I guess I understand where such a comment comes from. To the outsider, it must look like the new believer is grasping at straws, desperately embracing God “just in case.”
And honestly, sometimes such an observation is right on. Look at all the Americans who flocked to churches in the wake of 9/11 – attending faithfully for six weeks or six months, maybe even listening attentively to the readings and sermons, until the lure of the world reclaimed their hearts and minds. They are the false converts of the world, the ones for whom the seeds of faith were planted in the stony or thorny soil described by Jesus in Matthew 13.
But it’s not always the case. Some sin-hardened hearts are so brittle that tragedy is able to produce the crumbly, friable soil that invites rapid germination and deep root growth. In these cases, moderate setbacks won't do it; such hearts need to be literally pulverized before their owners will doggedly seek (and find!) the Lord in search of solace, hope, and, most important, eternal truth.
We see such cases reported in Scripture, from the story of Nebuchadnezzar recorded in Daniel 4 and 5 to the parable of the prodigal son told in Luke 15.
And, in a much less concise and profound way, we see it in stories like mine.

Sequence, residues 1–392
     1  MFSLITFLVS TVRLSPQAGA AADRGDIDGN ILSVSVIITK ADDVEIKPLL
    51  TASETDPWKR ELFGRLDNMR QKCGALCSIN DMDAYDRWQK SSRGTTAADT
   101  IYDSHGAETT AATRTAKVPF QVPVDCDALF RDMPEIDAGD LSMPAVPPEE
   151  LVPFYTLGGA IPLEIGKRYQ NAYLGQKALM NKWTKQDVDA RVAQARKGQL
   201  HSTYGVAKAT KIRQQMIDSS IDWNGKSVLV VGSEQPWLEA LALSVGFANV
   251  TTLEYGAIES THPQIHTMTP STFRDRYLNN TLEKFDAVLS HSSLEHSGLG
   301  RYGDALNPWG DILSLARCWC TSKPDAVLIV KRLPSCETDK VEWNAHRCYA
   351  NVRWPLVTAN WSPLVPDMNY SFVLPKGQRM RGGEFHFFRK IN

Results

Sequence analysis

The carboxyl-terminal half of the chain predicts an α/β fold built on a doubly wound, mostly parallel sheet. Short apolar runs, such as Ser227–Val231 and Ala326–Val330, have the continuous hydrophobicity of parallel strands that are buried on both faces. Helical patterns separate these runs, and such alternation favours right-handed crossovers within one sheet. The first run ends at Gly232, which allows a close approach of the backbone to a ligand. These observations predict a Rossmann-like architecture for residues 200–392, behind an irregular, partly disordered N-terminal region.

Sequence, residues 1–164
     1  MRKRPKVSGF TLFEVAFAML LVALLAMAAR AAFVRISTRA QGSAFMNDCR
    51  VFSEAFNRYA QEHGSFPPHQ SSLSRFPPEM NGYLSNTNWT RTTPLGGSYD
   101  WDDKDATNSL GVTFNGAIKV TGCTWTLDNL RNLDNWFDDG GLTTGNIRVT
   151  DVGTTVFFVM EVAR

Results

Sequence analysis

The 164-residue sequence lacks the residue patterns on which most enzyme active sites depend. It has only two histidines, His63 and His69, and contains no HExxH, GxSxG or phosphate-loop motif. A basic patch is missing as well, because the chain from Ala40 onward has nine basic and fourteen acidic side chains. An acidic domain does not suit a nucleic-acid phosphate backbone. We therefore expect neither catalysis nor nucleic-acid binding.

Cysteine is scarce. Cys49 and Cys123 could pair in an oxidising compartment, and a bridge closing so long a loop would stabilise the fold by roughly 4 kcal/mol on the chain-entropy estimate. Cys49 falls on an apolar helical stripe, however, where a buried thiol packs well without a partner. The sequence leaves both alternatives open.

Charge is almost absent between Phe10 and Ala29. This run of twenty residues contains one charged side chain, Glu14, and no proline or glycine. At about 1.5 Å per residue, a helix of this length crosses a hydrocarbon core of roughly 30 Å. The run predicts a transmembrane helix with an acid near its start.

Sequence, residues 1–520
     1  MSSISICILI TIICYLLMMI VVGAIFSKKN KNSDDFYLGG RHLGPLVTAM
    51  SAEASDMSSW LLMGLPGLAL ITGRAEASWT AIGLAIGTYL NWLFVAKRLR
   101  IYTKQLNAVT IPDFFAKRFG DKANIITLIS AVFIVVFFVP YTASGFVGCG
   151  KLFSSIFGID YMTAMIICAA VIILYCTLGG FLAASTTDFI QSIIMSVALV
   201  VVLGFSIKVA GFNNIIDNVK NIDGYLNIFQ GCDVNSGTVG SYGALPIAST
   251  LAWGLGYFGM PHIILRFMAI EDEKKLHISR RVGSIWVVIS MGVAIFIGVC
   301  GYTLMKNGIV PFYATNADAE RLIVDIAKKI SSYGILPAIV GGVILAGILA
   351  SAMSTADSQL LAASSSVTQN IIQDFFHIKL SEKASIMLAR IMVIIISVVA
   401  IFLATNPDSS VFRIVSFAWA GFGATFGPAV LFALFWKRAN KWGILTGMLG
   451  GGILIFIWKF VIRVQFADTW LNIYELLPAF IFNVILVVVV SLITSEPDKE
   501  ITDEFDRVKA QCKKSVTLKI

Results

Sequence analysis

Those of us who’ve taken this difficult route to Christ are no doubt legion. Over the years I've talked with many born-again believers who turned to Christ only after their hearts had been shattered. Which is why when I pray for the salvation of unbelievers, my prayers so often include a petition along the lines of "Do whatever it takes, Lord God, to get this person's attention."
I ask this with trepidation, knowing full well that when it comes to saving us for all eternity, the Lord does not pussyfoot around with us. He knows precisely what it will take to get each individual's attention. And that is the course He pursues, according to His sovereign control over our circumstances, and in His perfect timing.
It is not always successful. Too many are busy dancing down the wide path to destruction, so absorbed in pleasure or pride that they’ll never notice the narrow gate to life. For them, the consequences are tragic for all eternity.
But in some instances, the result is rejoicing in heaven, as each once-lost soul is forever found.
And when that happens, the reward is so glorious even in this life that its catalyst – the heart-shattering event that led to repentance and belief – does not seem so tragic after all.